The rise of the Internet of Things (IoT) means that many business networks are larger than ever before – maybe even bigger than you realize.
The number of devices that may now be a part of your network – via your infrastructure, employees, and customers – has exponentially increased the attack surface for would-be hackers. And that IoT number is only expected to grow. Today, we share tips for ensuring you can maintain data security and privacy in the age of IoT.
Inventory and monitor
One of the first things to do is to make sure you have a handle on what devices are actually on your network. Especially now that BYOD (bring your own device) is a wide practice in companies, employees are connecting any number of potentially unsecured devices.
Consider investing in a network access control (NAC) platform to help you maintain a clear view of what’s on your network, and put proper monitoring in place.
Protect customer and employee data
IoT can mean a wealth of valuable data for your business. Many companies’ product development and marketing teams are benefiting from being able to collect and analyze customer behaviors through IoT devices in a way that was never possible before.
Auto insurance companies are tracking customers’ driving habits. Retailers use location data to push promotions to shoppers at the right time and place. Internally, many organizations now issue fitness tracking devices to employees as part of their healthcare and wellness programs to incentivize exercise and monitor or control healthcare costs.
While all of this data collection means businesses can be more innovative and better-managed, it also means you may have very sensitive private data housed on our network.
Conduct a thorough assessment of the level of risk you’re taking on with this data, and have proper protection in place.
Another issue when it comes to collecting customer or employee data is transparency. How will that data be used, and are you being clear about your use and collection policies? As Facebook recently learned, not knowing to whom that data will be shown and how it will be used can create trouble, fast. Develop clear use policies and communicate them regularly to your customers and employees.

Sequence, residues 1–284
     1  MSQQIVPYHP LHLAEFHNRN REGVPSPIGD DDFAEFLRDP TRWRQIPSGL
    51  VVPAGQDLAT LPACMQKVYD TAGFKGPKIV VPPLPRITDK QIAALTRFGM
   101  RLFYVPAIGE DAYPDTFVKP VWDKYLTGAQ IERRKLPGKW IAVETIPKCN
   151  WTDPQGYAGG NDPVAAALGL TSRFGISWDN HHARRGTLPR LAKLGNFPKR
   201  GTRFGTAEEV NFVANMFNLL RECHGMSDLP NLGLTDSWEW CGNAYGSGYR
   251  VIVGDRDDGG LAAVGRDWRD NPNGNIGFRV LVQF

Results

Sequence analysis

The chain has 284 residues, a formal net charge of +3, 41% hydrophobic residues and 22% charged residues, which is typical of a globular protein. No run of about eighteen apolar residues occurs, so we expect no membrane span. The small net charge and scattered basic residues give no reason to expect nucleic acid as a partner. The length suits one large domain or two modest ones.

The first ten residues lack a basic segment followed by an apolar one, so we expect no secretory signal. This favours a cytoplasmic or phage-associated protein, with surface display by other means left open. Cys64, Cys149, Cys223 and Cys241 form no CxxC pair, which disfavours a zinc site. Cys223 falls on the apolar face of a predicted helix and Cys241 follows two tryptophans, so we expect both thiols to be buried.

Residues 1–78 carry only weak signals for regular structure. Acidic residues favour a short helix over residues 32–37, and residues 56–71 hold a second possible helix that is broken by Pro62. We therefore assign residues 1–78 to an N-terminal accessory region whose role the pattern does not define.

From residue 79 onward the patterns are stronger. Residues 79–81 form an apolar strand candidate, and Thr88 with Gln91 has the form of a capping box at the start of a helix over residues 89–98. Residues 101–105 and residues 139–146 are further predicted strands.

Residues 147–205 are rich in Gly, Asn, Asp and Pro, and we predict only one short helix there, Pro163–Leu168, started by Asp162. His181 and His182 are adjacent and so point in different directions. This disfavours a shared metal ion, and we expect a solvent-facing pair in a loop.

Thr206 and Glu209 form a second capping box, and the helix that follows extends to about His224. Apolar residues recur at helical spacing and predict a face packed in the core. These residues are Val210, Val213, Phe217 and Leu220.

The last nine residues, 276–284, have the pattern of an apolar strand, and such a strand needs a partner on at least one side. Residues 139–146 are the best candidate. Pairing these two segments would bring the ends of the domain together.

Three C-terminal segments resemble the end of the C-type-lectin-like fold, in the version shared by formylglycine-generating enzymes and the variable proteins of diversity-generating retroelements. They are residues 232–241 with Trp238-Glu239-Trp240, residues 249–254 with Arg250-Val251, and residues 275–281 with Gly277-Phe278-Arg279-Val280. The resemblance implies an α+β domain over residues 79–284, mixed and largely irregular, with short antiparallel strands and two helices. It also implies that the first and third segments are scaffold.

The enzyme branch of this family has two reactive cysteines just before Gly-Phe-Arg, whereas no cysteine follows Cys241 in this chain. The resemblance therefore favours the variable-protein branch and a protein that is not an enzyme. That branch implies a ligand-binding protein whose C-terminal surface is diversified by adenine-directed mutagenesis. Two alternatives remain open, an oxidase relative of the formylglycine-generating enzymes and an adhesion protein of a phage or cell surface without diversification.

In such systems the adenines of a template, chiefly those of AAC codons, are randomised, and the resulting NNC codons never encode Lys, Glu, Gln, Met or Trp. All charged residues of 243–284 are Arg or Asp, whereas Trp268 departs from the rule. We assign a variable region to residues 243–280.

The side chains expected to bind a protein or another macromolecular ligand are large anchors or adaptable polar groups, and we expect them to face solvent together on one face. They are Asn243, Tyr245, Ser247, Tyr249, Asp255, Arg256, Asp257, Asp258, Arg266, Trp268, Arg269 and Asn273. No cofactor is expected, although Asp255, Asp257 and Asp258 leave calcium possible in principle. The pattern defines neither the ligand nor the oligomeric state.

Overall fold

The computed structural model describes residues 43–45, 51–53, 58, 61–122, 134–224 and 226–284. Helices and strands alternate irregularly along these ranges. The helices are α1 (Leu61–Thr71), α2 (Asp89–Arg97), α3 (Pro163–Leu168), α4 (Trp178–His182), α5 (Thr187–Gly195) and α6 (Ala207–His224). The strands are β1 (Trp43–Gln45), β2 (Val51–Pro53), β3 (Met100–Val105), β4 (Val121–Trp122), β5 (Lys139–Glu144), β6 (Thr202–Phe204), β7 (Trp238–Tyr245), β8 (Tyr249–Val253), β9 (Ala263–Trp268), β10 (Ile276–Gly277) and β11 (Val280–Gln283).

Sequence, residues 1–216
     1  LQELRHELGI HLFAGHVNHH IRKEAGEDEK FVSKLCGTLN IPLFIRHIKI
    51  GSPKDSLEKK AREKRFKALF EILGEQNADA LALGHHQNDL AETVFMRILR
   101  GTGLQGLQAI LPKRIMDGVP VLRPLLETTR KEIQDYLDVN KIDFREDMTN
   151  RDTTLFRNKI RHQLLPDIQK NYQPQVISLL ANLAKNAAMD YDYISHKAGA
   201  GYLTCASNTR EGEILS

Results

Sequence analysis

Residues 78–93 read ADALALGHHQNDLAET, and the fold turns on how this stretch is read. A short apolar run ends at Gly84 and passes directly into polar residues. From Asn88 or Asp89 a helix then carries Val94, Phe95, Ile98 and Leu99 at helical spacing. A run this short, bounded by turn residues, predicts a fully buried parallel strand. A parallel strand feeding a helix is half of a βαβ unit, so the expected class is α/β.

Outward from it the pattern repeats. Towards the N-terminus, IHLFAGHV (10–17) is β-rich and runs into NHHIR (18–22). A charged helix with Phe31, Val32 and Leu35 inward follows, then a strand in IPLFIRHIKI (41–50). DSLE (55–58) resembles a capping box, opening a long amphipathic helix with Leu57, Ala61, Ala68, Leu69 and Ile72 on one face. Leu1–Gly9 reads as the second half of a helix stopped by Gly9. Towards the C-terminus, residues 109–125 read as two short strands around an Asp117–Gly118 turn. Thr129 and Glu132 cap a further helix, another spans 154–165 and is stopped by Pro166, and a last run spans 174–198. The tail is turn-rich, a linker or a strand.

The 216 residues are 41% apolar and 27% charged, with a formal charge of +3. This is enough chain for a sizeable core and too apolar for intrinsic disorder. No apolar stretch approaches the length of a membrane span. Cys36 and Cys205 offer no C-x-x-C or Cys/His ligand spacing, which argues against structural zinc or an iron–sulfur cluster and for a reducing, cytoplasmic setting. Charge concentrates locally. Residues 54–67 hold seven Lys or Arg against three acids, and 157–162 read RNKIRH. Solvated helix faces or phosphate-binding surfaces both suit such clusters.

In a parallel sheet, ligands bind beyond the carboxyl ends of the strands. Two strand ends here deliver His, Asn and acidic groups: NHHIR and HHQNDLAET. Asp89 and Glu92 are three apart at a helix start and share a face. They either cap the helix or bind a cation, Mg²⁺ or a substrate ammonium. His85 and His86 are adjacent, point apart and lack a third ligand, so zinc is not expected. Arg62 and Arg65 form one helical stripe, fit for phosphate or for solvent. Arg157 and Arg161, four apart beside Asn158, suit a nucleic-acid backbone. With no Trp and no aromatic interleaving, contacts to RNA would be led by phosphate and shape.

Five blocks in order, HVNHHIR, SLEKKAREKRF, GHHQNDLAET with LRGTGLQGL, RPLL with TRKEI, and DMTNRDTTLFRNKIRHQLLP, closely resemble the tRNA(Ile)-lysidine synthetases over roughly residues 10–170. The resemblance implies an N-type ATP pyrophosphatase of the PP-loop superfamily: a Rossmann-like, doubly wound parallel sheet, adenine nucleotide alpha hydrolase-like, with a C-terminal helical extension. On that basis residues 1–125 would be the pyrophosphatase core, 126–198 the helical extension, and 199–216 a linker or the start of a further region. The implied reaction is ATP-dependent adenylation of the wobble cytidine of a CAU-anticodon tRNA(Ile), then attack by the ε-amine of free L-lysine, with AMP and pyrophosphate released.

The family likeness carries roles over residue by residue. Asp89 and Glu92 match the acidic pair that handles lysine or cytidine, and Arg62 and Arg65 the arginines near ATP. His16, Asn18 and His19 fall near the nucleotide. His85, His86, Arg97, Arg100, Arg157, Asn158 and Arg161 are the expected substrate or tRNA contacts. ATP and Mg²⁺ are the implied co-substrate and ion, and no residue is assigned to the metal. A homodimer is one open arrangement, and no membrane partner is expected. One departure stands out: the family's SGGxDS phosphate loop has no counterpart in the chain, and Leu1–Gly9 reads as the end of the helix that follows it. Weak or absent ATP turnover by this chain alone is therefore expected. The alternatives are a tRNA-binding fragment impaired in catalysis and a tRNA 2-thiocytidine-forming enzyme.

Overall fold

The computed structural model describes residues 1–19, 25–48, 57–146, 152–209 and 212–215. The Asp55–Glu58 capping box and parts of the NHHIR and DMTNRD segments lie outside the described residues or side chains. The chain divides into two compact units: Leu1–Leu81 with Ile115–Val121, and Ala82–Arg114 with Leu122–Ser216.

Scan, patch, and test
An unfortunate reality of IoT is that many vendors creating these devices have been lax about making their own products secure. This means the onus is even more on users to do what is within your power through patching, vulnerability scans, and penetration tests.
When vendors do release patches for known vulnerabilities to your devices, don’t put off implementing them.
Hopefully, regular vulnerability scanning and annual penetration testing are already part of your network security program. Take a look at your software and talk to your vendors to verify that the IoT part of your network is included in these security measures.
Ensure proper segmentation
Consider segmenting IoT devices so you can inspect and control the movement of data between them and other segments of your network, and keep potential security breaches isolated if they do occur.
Communicate policies to everyone
True network security isn’t just the job of your IT team. It’s on everyone at every level of your organization to understand and implement security policies and procedures. Whether it’s the CEO who has special permission to use a particular device, or a whole department that’s depending on IoT to make their jobs easier – make sure they all know and understand best practices to keep the whole company secure.
The rise of the IoT represents big opportunities for many organizations, their employees, and customers.
But with those opportunities come expanded risks. Include your IoT devices in your data security and privacy practices so you can be confident that the network is adequately protected as it continues to grow.